How To Avoid The Most Common Grilling Mistakes

How to Avoid the Most Common Grilling Mistakes

Want to make better use of your BBQ? It's important to know what not to do. Don't let your skewers overcook, your burger become bland, or your steaks dry out. Here are some basic tenets to follow to avoid the most common BBQ mistakes.

Photos by Georgi Kirichkov, Ernesto Andrade, Wicker Paradise, Paul Joseph, Meal Makeover Mums, BBQ Turner by Rosle, Chris Hsia

Let Your Meat Rest For 10 Minutes After Grilling

How to Avoid the Most Common Grilling Mistakes

We know, everybody's hungry, but resist the temptation to cut into grilled animal protein right away — all of the meat's juices will flow right out, leaving you with a less-than-succulent steak. Letting your beef, pork, chicken or lamb rest for as little as 10 minutes allows the meat's juices to evenly redistribute. And the thicker the cut, the longer you're going to need to rest it. See the difference between rested and unrested meat (and learn more about the science of resting times) in this helpful Serious Eats piece.

Similarly: Do Not Cut Into Meat to Check For Donneness

How to Avoid the Most Common Grilling Mistakes

If you're not sure if your grilled chicken, steak, or pork is done, the worst thing you can do is to cut it open to find out. There are many ways to test doneness: there's the palm test, the face test, and the most foolproof, a temperature reading using a meat thermometer. I gauge steak by touch, but when I'm cooking foods like fish all the way through, I use the fork test: I carefully stick the a fork halfway into the thickest part of the flesh, pull it out, and touch the tines to my bottom lip. If it feels hot to the touch, it's done.

Another note: please don't use one of those long meat or carving forks to pick up your steak. It's fine for grilled vegetables, but puncturing your meat with two large tines will cause you to lose precious juices.

Only Skewer Foods Of A Similar Cooking Time Together

How to Avoid the Most Common Grilling Mistakes

I have never understood the logic behind the supermarket meat counters where there are kebabs on offer with mammoth-sized hunks of meat sandwiched between thin slices of zucchini or onion. The whole point of a skewer is to cook everything on it at once, and that won't be doable unless all of the items you've skewered take approximately the same length of time to cook. In addition to sizing kebabs appropriately, also make sure, if you're using wooden skewers, that you soak them in warm water for 10-20 minutes before using them to avoid burning.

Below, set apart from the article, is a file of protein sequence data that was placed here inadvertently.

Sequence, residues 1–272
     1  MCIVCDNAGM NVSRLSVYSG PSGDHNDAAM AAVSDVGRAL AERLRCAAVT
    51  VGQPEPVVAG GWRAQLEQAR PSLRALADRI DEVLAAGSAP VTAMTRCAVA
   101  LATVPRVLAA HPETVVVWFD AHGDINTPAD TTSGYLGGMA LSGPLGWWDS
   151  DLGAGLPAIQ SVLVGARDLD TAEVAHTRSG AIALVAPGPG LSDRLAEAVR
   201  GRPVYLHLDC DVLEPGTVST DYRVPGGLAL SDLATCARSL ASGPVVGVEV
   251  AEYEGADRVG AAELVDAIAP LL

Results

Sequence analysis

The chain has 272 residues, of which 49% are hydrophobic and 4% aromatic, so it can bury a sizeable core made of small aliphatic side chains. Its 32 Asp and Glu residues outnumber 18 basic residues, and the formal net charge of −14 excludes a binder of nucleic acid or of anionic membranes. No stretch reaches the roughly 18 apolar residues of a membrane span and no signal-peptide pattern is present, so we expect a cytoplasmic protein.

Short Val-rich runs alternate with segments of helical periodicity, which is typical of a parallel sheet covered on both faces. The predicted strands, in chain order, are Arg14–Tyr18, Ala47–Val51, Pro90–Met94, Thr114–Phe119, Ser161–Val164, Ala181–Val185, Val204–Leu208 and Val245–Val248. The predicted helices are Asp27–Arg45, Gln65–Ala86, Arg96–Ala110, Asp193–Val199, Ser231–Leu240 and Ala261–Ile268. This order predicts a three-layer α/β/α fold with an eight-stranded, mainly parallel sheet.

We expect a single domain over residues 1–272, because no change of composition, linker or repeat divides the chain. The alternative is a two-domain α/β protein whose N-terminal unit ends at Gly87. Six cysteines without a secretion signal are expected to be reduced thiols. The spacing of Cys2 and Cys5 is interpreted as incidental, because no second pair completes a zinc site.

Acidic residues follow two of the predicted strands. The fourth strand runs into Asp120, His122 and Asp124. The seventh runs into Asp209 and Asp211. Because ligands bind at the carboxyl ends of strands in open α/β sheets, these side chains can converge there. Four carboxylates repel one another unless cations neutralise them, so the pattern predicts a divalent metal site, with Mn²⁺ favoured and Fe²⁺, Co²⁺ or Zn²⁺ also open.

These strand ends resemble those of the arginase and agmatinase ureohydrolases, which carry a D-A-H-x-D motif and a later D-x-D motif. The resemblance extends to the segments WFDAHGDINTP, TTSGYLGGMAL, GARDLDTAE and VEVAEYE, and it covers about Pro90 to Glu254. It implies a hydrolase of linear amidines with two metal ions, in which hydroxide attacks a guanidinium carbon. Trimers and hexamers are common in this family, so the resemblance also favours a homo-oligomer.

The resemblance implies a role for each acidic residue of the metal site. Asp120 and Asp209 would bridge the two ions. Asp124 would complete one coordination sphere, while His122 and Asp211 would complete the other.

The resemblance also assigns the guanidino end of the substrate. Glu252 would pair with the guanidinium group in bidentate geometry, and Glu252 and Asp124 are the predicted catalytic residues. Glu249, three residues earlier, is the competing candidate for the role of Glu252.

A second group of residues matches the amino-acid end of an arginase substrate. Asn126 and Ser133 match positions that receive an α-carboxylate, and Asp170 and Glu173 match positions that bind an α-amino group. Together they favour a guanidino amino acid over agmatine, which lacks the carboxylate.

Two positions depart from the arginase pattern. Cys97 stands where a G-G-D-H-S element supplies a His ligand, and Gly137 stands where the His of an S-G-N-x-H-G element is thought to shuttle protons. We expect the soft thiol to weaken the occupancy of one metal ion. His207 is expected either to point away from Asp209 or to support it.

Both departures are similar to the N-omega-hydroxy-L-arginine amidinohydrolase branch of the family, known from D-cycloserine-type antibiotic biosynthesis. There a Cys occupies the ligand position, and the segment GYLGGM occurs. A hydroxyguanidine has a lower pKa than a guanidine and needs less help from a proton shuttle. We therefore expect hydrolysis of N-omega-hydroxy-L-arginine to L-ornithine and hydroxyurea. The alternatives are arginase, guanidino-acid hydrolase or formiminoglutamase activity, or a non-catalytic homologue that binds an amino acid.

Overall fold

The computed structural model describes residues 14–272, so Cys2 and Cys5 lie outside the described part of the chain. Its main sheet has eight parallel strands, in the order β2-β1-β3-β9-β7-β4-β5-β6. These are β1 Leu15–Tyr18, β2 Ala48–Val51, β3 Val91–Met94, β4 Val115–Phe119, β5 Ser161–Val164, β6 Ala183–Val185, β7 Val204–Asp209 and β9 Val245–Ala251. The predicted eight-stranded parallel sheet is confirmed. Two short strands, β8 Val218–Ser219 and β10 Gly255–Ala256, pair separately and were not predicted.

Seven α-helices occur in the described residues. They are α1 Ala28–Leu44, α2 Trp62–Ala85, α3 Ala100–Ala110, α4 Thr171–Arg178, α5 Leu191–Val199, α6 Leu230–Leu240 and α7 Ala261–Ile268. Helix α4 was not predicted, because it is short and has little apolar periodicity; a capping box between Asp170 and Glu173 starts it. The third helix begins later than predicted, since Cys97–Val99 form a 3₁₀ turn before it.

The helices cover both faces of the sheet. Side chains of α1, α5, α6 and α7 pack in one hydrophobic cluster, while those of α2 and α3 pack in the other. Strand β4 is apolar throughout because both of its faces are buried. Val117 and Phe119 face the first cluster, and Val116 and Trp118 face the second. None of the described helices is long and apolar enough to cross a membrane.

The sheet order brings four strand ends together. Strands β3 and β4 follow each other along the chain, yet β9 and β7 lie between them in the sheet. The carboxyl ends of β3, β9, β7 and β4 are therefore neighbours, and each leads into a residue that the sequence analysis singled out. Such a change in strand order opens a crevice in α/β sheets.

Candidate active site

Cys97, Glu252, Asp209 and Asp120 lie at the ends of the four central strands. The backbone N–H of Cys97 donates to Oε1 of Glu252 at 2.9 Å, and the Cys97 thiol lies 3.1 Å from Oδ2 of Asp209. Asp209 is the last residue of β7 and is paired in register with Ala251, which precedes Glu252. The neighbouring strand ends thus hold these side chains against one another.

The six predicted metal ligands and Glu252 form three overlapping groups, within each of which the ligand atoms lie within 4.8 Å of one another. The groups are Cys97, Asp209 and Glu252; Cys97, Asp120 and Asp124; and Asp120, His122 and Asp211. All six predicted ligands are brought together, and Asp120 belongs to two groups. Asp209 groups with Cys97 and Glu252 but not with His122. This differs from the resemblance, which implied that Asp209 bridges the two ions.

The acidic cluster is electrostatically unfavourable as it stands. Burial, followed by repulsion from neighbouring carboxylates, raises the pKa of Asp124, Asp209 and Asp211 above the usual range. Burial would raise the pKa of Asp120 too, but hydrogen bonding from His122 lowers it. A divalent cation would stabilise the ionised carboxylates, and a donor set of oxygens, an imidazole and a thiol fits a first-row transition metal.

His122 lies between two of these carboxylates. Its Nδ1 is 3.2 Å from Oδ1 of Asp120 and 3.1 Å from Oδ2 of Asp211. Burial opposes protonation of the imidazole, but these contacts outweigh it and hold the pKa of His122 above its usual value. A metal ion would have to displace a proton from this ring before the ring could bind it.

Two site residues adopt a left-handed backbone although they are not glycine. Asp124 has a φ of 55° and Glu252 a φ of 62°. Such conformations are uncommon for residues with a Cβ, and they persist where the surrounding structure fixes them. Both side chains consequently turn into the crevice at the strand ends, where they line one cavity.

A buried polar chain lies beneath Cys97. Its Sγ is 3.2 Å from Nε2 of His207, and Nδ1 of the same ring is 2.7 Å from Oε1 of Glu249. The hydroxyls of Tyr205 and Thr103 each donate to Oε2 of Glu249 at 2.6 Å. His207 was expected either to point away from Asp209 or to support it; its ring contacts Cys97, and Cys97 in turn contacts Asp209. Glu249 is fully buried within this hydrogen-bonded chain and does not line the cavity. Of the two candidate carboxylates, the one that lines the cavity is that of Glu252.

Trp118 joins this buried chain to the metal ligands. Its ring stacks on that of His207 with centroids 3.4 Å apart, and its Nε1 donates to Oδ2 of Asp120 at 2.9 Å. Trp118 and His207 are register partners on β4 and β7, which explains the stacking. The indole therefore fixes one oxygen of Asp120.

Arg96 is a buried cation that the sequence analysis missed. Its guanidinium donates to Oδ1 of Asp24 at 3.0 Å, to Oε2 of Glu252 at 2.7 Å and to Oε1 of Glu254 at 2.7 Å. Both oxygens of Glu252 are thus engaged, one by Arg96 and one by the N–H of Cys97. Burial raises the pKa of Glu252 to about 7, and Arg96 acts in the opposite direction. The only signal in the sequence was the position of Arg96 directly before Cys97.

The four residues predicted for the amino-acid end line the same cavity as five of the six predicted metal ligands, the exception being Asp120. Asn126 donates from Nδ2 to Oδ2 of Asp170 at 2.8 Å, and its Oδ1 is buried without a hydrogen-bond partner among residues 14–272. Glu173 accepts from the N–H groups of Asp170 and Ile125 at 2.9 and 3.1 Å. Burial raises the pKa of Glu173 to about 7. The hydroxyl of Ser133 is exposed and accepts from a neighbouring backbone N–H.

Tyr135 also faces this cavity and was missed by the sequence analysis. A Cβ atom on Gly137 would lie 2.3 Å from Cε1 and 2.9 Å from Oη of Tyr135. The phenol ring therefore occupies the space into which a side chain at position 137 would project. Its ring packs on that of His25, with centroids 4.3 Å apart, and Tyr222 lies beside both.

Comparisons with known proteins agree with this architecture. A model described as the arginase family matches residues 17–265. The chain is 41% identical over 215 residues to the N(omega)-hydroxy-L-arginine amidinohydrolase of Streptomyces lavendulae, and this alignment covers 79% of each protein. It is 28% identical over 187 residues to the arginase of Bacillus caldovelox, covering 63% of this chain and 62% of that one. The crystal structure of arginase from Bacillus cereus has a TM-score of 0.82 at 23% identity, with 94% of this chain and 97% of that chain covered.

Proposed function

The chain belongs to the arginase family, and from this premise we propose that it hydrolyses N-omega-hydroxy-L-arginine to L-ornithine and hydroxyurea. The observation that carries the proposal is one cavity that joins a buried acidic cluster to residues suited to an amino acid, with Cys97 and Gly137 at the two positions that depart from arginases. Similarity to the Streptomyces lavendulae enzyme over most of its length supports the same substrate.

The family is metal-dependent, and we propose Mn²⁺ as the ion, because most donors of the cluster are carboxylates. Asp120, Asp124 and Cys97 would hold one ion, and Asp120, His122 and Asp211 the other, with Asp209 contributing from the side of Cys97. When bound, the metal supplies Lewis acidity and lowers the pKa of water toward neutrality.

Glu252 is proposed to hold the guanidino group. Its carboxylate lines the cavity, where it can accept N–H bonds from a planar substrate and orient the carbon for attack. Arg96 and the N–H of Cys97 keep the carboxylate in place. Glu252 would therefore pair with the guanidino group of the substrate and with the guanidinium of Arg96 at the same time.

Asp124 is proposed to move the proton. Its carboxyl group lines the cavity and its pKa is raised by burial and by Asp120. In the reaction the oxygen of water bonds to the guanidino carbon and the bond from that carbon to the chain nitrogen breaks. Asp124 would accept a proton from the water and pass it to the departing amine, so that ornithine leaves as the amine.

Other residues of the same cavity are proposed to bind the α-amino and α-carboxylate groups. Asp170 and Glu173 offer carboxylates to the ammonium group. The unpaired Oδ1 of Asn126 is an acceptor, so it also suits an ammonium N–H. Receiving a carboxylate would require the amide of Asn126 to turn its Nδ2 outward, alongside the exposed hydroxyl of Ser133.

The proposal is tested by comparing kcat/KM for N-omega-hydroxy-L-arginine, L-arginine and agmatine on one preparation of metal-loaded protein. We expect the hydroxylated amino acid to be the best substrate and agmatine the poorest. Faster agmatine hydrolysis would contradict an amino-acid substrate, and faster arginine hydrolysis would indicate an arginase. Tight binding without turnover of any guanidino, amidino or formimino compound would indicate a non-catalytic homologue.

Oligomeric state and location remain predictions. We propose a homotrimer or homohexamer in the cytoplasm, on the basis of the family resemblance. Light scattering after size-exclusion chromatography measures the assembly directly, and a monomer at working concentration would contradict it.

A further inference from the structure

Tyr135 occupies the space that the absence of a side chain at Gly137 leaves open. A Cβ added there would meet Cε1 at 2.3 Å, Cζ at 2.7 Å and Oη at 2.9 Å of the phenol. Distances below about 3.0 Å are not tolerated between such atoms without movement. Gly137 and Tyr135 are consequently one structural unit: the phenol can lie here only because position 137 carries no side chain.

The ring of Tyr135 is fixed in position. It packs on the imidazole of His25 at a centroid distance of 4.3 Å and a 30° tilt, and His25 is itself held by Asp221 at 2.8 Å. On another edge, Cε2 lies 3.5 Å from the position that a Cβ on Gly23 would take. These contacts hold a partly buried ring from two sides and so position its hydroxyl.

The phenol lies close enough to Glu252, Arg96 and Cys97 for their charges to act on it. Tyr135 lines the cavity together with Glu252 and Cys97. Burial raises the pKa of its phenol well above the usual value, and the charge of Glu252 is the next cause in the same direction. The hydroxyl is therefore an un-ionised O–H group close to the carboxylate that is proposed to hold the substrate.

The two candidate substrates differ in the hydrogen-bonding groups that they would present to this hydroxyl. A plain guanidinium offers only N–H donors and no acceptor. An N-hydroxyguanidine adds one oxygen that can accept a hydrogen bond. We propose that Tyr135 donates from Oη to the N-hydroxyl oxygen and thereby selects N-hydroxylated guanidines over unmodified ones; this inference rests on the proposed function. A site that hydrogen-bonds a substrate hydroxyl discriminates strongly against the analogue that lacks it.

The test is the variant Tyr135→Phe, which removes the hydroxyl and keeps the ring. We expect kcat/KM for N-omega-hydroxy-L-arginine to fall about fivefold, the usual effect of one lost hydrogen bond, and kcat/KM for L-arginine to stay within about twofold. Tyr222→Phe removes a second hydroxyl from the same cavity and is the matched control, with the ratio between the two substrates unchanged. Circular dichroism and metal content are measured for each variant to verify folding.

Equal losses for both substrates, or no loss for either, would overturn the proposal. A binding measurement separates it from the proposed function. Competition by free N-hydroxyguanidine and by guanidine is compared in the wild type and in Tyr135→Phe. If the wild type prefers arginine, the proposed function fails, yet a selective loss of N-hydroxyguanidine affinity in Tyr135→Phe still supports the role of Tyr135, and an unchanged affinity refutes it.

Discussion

Quit Pressing On Your Burgers

How to Avoid the Most Common Grilling Mistakes

If you're pressing those burger patties down onto the grill to get a good sear, you're making a huge mistake — all of the juices from the burger are going straight through the grates. Yes, smashing burgers to achieve a rich crust can be a good thing, but not on a grill.

Don't Squirt Water Onto Flare-Ups

How to Avoid the Most Common Grilling Mistakes

Barbecue flare-ups can happen. And given the fact that you're cooking over an open fire, it's honestly part of the fun. But if you have a major flare-up, resist the temptation (no matter how great) to splash or squirt water on your flames — they will just scatter ashes, creating a mess on your food, and the water can even damage the enamel coating on your grill. To avoid major flare-ups, trim excessive amounts of fat off your cuts before placing them on the grill, and make sure to leave at least 30 per cent of your grates empty so as not to crowd the grill. If you do experience one, cover the grill. It will deprive the fire of oxygen and extinguish any flames.


Comments

    Cutting the meat to test it although not ideal (the thermometer) does very little to lose moisture and juices. See below article:

    http://www.seriouseats.com/2013/06/the-food-lab-7-old-wives-tales-about-cooking-steak.html

    the worst thing you can do is to cut it open to find out.
    puncturing your meat with two large tines will cause you to lose precious juices.

    What? Cutting your steak open is one of the best ways to determine doneness. Meat looses it's moisture when it's too hot. The proteins will denature and release the moisture at a cellular level and it's an irreversible process. The odd cut isn't going to drain the meat of it's moisture like you are somehow popping a "meat water balloon". Similarly, searing the outside of a steak doesn't seal the moisture in either.

    http://www.seriouseats.com/2013/06/the-food-lab-7-old-wives-tales-about-cooking-steak.html

    Steak is the easiest thing to cook, 2-3 minutes either side and you're done

    Pressing on your burger as soon as it hits the hot plate is fine as hardly any juices will be lost at this stage.
    Cooking a steak starting with the steak at room temperature is best if you can manage it.
    Cooking a steak should be done on a hot to very hot grill.
    Chicken and fish are done with lower heat and slower.

    Last edited 08/06/15 9:10 pm

    cutting meat loses moisture - BOLLOCKS

    http://www.seriouseats.com/2013/06/the-food-lab-7-old-wives-tales-about-cooking-steak.html

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